All these changes are made against InterMine 2.0 version. These changes will be included in an InterMine release in near future, but for those who want to try these changes immediately, can checkout this branch in Github and follow these instructions. All these changes are tested with Apache Solr (v7.2.1).
The GSoC 2018 is coming to its end, and after 3 months of hard work, I can proudly present a summary of all our achievements during this summer of code.
Summary of Project Goals
InterMine is a open source Data Warehouse intended to be used for the integration and analysis of complex biological data. With InterMine, you can explore organism and other research data provided by different organizations, moving between databases using criteria such as homology.
The existing query builder in InterMine requires some experience to obtain the desired data in a mine, which can become overwhelming for new users. For instance, for a user interested on searching data in HumanMine using its query builder, he or she would need to browse through the different classes and attributes, choosing between the available fields and adding the different constraints over each of them, in order to get the desired output.
For example, a simple query you might want to glean from InterMine might be as follows:
Problem: This query sounds simple-ish, but building it in our query builder requires a strong familiarity with the data model, and can be confusing for anyone new to InterMine. We would like the data browser to be more complex than the simplicity of a simple keyword search, but less complex than the current query builder. For context, here’s the humanmine query builder: http://www.humanmine.org/humanmine/customQuery.do. We have attached a screenshot of what it looks like for the homology query mentioned above, where it can be seen why it looks a little intimidating.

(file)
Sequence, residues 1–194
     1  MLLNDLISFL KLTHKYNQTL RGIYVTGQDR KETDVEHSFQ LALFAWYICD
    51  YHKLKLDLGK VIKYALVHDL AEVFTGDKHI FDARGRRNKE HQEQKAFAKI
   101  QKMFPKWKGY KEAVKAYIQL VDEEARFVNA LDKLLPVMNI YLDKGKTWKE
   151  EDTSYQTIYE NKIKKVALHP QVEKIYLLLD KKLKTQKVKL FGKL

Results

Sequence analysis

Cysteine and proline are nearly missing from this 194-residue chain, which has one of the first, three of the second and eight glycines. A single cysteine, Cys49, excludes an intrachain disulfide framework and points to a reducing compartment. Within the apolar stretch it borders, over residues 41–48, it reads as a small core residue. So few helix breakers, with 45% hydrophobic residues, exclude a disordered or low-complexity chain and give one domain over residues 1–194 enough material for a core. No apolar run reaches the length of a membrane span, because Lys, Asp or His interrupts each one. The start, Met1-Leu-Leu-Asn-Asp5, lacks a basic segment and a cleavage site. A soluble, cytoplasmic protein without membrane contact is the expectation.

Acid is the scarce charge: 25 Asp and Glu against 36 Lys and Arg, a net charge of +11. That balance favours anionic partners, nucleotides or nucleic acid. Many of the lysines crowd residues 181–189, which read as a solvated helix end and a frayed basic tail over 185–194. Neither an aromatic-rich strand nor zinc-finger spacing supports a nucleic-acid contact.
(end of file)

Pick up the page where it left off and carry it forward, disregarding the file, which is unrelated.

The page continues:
This requires the user to have a decent knowledge of the model schema in order to successfully build a correct query for the expected query results. For new users this workflow can become, indeed, overwhelming to search for specific information in the data.
For this reason the goal of this project is to implement a faceted search tool to display the data from InterMine database, allowing the users to search easily within the different mines available around InterMine, without the requirement of having an extensive knowledge of the data model.
Summary of Project Achievements
In order to maintain a good workflow, the project was divided into three major versions or milestones, coinciding the deadline of each one with GSoC evaluation phases. The main developments in each milestone are listed below, and comprises a total of 67 closed issues with 194 commits.
Milestone 1 (June 11). In the first milestone (related GitHub issue here), the following features were added:
In the following figure, the different elements available on the browser interface are displayed and further explained.
As depicted above, the user is able to change between the different mines available in the InterMine registry by using the dropdown box in (1). Next, in (2) the viewed class can be changed, and currently it can be either Genes or Proteins. Moreover, in (3), the different filters available in the currently explored mine are displayed, where the user can filter the data shown in the table at (6) that better fulfills his/her requirements. Furthermore, some plots regarding to the data in the table are displayed on (4). Currently it shows a pie chart of individuals per different organism, but it will be extended with more plots in the future. Finally, the user has the option to save the table as list, generate the code to embed it elsewhere, or to export the results by using the options in (5).
There are already some features to be added to the browser after GSoC, some of them are, for instance, to allow users to add their personal InterMine’s API tokens for each mine and use them for the Save as List functionality of the table (link). Another useful feature that I wasn’t able to implement due to a temporary disabling in the InterMine ontology was a Phenotypes filter (link). Next, a new histogram plot to the top section about Gene length will be added (link). Furthermore, a “current class” filter will be added to the sidebar (link). Finally, another desirable feature would be to refactor the per-mine filters to use path query (link).
As a conclusion, the fact that the final product has been tested and is going to be truly helpful for the target community of users, is enough for me to be proud of the developed tool during this Google Summer of Code. Also the results of this project will allow us to, hopefully, publish a paper describing the new InterMine browser.